Circuit City Proves Penny Wise and Pound Foolish

Discussion
Jan 17, 2008

By George Anderson

When Circuit City made the decision last March to lay off 3,400 of its most experienced sales associates because they were making too much money (earning $14 or $15 an hour), many people believed the move defied logic. Why, after all, would a company already struggling to keep up with the competition intentionally weaken the part of the organization that dealt directly with consumers?

At the time of the layoffs, Circuit City CEO Philip Schoonover told Reuters that the move would “deliver improvements in our selling, general and administrative expense rate while maintaining appropriate investments to drive our key strategic initiatives such as digital home services, multi-channel and home entertainment.”

(See RetailWire 3/30/07 – Circuit City Gives Best Paid the Boot)

Nine months in, the concerns expressed about the move now appear prescient as Circuit City reported holiday sales that were 11.4 below the same period in 2006 when the pricier employees were still on hand.

Peter Cohan, a management consultant and professor at Babson College, told The Associated Press that Circuit City “violated a basic principle of good business” when it made the decision to let the workers go.

“They (executives) were so focused on cutting costs that they failed to take into account the real value of good salespeople,” said Mr. Cohan.

Dean Baker, co-director of the Center for Economic and Policy Research, said Circuit City management’s publicly admitted willingness to get rid of higher paid employees brought about an unwelcome cultural change inside the company. “Why would workers have the incentive to put in any extra effort?,” he asked.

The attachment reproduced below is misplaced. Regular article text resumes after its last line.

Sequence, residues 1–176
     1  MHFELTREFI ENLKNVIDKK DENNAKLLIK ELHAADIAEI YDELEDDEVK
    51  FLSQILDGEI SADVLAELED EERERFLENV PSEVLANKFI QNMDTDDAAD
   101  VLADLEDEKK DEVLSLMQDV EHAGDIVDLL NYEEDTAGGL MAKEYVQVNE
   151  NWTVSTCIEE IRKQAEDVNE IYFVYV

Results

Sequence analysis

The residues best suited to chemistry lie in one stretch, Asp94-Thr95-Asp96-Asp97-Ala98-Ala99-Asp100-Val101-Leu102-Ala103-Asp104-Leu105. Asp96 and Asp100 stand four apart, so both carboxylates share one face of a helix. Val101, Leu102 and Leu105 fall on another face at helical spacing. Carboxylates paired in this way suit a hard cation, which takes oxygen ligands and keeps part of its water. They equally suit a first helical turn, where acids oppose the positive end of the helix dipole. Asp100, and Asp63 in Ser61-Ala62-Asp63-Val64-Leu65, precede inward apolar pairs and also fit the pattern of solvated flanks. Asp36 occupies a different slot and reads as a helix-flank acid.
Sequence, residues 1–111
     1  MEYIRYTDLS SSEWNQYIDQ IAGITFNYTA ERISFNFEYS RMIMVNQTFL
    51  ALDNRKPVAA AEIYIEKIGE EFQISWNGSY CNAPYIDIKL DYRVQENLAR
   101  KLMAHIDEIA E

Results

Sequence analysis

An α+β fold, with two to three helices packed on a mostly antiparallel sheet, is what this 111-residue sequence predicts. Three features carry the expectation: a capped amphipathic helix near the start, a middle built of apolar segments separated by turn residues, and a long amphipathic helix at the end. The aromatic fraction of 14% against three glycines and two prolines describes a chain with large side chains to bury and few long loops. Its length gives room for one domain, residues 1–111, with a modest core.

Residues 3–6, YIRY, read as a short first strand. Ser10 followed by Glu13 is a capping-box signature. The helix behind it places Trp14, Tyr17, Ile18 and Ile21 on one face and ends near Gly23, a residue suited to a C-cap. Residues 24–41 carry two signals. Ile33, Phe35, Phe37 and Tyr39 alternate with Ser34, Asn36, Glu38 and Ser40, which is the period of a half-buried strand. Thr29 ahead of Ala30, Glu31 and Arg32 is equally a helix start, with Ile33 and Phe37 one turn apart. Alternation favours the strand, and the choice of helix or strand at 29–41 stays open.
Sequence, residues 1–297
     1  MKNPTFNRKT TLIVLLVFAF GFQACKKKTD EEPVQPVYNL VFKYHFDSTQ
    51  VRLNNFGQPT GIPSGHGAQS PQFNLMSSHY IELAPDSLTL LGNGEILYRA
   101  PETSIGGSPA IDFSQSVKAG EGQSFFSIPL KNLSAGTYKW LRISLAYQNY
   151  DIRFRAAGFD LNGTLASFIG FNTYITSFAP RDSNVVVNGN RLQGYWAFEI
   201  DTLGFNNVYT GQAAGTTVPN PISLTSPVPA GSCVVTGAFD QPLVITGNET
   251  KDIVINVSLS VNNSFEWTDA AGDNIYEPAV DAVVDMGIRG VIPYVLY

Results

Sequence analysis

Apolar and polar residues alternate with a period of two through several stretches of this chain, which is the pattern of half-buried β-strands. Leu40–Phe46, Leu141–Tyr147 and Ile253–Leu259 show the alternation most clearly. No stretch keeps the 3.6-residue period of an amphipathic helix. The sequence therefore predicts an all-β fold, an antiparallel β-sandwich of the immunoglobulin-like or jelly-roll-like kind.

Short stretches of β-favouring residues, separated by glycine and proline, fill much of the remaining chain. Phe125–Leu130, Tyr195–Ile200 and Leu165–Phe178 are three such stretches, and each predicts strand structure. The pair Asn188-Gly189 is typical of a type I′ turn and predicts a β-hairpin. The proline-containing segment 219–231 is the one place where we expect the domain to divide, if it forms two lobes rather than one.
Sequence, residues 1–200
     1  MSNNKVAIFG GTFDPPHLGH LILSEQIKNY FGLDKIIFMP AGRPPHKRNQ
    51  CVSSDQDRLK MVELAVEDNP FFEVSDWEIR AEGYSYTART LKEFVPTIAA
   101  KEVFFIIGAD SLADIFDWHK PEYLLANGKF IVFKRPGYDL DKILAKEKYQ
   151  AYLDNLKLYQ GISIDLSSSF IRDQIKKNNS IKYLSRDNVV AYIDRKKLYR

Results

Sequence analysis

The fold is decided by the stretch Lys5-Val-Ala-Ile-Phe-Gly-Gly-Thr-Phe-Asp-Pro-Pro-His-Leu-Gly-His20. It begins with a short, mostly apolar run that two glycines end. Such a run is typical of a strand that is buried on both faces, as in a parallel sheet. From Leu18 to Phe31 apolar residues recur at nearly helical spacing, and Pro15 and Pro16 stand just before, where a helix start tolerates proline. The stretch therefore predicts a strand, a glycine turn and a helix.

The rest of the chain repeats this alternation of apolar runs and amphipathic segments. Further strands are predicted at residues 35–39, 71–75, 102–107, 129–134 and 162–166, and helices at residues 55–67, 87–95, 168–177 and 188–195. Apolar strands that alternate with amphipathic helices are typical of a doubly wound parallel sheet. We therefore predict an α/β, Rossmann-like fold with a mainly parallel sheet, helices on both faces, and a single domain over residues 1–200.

The change in attitude among the chain’s employees hasn’t been lost on consumers who AP reports have made disparaging observations online about the company and the shopping experience.

Discussion Questions: How does Circuit City fix the situation created by the company’s decision to go with less experienced store staff? Does the same management team that made the decision to lay off 3,400 workers have the credibility within the organization to lead it out of the current hole its in?

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25 Comments on "Circuit City Proves Penny Wise and Pound Foolish"


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Robert Chan
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Robert Chan
14 years 3 months ago

To start with, they should get rid of the CEO and the chief operating guy–that will cut a lot of costs right away. Then, hire some season managers who are willing to get paid based on performance; mostly in customer satisfaction, employee retention and then sales. Of customers and employees are happy, sales would take care of themselves.

Doron Levy
Guest
Doron Levy
14 years 3 months ago

So where does Circuit City go from here? A while back when news of this broke, I firmly stated in a post that CC better have a darn good recovery plan for this. That never materialized and CC customers and shareholders are paying the price. CC management has probably done irreversible damage with this as no one will look at them as a solution for long term employment. They need to change things from the top first and then they may have a chance of rebuilding their credibility in retail. I don’t like being a naysayer and most situations have a solution but I honestly feel that CC is in a huge amount of trouble and it will take massive strides to build goodwill between front line staff (the most important in retail) and corporate.

Laura Davis-Taylor
Guest
Laura Davis-Taylor
14 years 3 months ago

When we discussed this issue at the time of the layoffs, many predicted this exact thing would happen. And what did Best Buy do when this took place? Put an even heavier focus on providing better service to shoppers…and it showed. It’s very unfortunate, as Circuit City once shined in the minds of consumers as the CE retail brand with the best customer service.